James Harpur’s fourth collection includes intimate responses to love, birth and death, and explores faith and vision in searching and unsentimental terms. His powerful poetry gives a new perspective on the travels and travails of early Irish saints and on the Syrian pillar hermit St Symeon Stylites. In these and other poems – about the Book of Kells, a monk and his `star-timetable’, and translations from Boethius – Harpur’s lyric gift finds moments of illumination and grace in the ordinary as well as the miraculous.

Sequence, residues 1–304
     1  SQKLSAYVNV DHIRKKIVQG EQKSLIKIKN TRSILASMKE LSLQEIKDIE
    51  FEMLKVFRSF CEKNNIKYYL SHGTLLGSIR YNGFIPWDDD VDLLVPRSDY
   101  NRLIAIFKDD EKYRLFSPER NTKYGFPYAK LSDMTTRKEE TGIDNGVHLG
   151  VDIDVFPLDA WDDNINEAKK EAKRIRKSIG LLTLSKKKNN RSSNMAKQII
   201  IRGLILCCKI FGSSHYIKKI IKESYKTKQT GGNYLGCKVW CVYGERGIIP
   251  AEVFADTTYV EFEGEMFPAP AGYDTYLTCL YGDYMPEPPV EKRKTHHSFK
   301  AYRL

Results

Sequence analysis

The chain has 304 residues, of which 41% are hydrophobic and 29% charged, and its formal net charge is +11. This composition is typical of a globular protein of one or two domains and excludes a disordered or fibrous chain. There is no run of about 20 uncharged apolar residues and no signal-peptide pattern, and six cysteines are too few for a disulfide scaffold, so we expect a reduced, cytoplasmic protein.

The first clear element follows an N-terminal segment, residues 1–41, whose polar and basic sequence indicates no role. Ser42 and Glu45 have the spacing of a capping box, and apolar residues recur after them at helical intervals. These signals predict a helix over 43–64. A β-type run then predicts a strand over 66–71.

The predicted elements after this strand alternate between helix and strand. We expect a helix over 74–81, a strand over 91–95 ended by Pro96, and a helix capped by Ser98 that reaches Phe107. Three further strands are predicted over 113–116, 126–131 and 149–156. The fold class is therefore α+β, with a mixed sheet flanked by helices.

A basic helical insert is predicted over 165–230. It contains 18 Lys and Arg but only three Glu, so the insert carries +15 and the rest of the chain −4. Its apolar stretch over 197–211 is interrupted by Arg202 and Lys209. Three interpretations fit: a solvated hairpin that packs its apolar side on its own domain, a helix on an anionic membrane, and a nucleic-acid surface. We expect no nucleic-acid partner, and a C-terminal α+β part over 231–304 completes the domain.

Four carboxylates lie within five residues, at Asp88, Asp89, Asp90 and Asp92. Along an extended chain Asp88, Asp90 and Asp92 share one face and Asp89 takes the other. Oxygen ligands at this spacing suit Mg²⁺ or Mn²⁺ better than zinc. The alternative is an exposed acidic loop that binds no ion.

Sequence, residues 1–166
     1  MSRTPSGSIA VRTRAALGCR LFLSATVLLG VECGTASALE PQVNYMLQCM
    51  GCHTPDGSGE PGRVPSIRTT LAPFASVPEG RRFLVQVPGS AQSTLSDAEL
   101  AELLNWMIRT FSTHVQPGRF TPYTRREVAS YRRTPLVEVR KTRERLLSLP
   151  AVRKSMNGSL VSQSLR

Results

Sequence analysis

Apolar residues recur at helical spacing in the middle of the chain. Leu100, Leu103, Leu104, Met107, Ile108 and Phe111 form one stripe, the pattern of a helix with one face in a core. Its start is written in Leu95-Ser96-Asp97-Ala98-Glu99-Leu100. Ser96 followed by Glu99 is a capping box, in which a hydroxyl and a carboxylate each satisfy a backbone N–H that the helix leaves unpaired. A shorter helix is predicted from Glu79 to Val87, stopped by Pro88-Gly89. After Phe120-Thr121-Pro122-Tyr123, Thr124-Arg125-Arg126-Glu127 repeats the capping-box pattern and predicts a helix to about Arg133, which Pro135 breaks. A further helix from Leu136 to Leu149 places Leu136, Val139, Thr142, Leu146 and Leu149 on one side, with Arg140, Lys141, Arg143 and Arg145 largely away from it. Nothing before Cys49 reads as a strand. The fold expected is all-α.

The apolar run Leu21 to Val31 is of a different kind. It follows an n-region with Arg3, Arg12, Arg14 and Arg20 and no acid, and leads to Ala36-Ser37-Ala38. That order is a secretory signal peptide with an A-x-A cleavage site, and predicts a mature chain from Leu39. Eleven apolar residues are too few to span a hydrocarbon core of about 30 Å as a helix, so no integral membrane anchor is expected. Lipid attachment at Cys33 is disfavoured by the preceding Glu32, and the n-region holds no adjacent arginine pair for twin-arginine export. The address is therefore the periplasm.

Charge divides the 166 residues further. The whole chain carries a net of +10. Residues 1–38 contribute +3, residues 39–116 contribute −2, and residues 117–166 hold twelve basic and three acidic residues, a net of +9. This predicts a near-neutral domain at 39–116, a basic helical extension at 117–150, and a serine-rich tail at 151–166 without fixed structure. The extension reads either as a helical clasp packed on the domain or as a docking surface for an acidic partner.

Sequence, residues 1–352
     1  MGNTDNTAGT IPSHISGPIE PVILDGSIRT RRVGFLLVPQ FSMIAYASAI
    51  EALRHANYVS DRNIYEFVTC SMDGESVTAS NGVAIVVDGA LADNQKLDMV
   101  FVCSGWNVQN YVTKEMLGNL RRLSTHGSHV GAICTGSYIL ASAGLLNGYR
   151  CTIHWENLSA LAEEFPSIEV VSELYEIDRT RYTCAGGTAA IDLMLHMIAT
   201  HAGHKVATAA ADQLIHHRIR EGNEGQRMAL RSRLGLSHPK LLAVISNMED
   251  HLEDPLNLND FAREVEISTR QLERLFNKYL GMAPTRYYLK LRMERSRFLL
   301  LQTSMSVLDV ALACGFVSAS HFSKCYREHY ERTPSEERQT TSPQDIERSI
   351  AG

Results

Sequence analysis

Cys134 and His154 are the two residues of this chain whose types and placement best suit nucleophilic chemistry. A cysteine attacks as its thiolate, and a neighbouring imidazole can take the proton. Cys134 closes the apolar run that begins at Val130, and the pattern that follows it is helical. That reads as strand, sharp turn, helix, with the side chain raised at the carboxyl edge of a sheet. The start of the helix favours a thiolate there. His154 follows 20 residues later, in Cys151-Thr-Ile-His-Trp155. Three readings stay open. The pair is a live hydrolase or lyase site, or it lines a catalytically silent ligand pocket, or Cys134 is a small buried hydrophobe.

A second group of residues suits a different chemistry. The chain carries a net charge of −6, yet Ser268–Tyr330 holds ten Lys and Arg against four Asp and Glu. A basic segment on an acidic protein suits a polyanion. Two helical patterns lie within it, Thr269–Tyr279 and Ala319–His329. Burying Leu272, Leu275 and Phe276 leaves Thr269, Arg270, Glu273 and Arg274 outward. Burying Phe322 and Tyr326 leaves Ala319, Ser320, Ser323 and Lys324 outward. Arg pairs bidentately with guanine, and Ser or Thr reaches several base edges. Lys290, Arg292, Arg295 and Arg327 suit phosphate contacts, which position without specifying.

James Harpur has published three previous books of poetry and a translation of Boethius’s poems entitled Fortune’s Prisoner. Awards for his poetry include the 1995 British National Poetry prize, and bursaries from Cork Arts, the Arts Council, the Eric Gregory Trust and the Society of Authors. His non-fiction books include Love Burning in the Soul, an introduction to Christian mystics. He has held residencies at the Munster Literature Centre, Cork, and Exeter Cathedral. He lives in Co. Cork.